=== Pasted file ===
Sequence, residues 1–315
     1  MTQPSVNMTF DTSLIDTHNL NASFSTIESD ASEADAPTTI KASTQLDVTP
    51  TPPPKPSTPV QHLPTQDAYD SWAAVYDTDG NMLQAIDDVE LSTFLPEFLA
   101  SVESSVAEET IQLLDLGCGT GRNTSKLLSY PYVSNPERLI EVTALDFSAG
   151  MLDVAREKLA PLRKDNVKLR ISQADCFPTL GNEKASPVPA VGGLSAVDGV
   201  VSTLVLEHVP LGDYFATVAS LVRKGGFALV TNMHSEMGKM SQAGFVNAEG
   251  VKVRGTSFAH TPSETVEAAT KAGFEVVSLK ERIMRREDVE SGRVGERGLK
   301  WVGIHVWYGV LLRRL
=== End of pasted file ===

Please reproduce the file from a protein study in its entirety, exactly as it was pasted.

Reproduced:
Sequence, residues 1–315
     1  MTQPSVNMTF DTSLIDTHNL NASFSTIESD ASEADAPTTI KASTQLDVTP
    51  TPPPKPSTPV QHLPTQDAYD SWAAVYDTDG NMLQAIDDVE LSTFLPEFLA
   101  SVESSVAEET IQLLDLGCGT GRNTSKLLSY PYVSNPERLI EVTALDFSAG
   151  MLDVAREKLA PLRKDNVKLR ISQADCFPTL GNEKASPVPA VGGLSAVDGV
   201  VSTLVLEHVP LGDYFATVAS LVRKGGFALV TNMHSEMGKM SQAGFVNAEG
   251  VKVRGTSFAH TPSETVEAAT KAGFEVVSLK ERIMRREDVE SGRVGERGLK
   301  WVGIHVWYGV LLRRL